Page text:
University of Waterloo’s new smart campus, along with Communitech’s open-innovation lab, gives researchers and businesses an eye-opening sneak peek into the transformative power of ultra-fast wireless connectivity.
How could daily life in Canada change when 5G connects all our devices, reducing signal response times to as little as one millisecond? How can new applications, services and businesses harness its potential? How will it power our city infrastructure, track business assets, and connect our communities?
These are just some of the questions fueling University of Waterloo’s smart campus. Created in 2020 as part of a three-year, multi-million dollar partnership with Rogers, the smart campus is a live test bed for advanced research into the design and operation of 5G networks, including the infrastructure and applications in a real-world Canadian environment.
Waterloo researchers have been using the early access to 5G and close collaboration with Rogers network experts to delve into the practical implications of the technology on a range of topics, engineering, network design, applied mathematics and artificial intelligence.
For example, Alexander Wong, an associate professor in Systems Design Engineering and Canada Research Chair in AI and Medical Imaging, researches how AI will improve with greater connectivity. “You will see more devices being smarter as a result of 5G,” says Wong. “So when waking up in the morning, imagine having your smart appliances, your smart voice assistants, all working around you to augment your daily life. 5G is crucial for AI at the [network] edge, because of the amount of information that needs to be transferred in a seamless, high-throughput manner. With Rogers’ support, it allows us to create a proper test bed, so when we deploy it for wider society use, we know it’s done in a proper manner.”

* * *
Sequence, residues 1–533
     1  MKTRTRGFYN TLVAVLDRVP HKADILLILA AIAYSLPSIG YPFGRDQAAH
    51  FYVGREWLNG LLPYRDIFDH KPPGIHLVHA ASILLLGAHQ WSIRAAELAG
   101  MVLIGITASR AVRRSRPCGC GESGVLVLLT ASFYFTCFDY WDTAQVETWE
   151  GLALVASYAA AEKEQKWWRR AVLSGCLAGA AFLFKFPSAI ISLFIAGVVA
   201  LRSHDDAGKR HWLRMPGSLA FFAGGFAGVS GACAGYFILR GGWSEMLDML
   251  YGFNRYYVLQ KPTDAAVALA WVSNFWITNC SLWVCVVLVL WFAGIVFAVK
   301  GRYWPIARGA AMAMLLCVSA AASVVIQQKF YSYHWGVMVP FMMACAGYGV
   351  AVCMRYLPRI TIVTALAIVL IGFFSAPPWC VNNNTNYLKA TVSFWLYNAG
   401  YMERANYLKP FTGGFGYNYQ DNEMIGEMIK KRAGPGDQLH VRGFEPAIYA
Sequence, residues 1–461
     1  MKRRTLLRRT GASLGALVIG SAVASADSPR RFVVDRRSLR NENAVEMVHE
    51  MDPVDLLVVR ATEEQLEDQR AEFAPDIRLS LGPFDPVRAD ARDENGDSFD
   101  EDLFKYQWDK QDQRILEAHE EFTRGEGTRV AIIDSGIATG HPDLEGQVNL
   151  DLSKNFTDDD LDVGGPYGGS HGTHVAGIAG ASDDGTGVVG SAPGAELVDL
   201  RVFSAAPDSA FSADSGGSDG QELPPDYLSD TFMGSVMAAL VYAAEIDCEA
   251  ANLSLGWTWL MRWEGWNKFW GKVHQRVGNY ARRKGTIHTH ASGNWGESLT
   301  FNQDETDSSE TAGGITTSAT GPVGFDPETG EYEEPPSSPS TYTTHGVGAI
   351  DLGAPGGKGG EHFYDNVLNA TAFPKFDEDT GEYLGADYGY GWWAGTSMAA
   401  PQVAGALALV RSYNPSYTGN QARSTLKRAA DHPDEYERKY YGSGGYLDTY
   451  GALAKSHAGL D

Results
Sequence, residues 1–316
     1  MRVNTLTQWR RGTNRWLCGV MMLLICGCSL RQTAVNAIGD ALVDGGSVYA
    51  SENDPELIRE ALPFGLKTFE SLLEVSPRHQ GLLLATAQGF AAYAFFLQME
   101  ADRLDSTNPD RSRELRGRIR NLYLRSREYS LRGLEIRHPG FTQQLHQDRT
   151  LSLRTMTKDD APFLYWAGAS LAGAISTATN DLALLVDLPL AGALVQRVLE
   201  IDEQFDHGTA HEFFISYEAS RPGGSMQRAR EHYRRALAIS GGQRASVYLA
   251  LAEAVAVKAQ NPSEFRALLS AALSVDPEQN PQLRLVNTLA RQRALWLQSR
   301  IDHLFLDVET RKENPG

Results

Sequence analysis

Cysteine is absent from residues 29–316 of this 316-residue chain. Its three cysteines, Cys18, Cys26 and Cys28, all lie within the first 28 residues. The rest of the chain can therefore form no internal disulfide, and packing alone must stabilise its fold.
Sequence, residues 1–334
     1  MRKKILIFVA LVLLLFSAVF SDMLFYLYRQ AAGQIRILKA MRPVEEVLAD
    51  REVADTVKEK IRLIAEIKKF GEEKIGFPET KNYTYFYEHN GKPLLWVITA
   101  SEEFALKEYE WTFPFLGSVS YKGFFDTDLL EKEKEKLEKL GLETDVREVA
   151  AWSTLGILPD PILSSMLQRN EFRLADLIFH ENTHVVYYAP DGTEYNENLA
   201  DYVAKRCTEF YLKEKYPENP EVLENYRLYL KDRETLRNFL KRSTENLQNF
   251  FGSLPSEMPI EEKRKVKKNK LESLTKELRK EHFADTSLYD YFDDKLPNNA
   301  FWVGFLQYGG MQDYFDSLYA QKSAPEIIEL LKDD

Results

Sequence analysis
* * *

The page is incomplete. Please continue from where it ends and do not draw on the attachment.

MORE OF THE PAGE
As part of the partnership, Rogers is a founding member of the Gateway for Enterprises to Discover Innovation at the University of Waterloo (GEDI), a central place for companies to access the university’s research, talent and entrepreneurial ecosystem.
Rogers is also behind a new 5G open-innovation lab at Communitech, the Waterloo region’s public-private hub that supports companies growing in the digital economy. The lab’s mission is to advance made-in-Canada 5G technology and commercialize 5G use cases, including launching and accelerating launching smart city, IoT and enterprise 5G applications.
Researching the world in 5G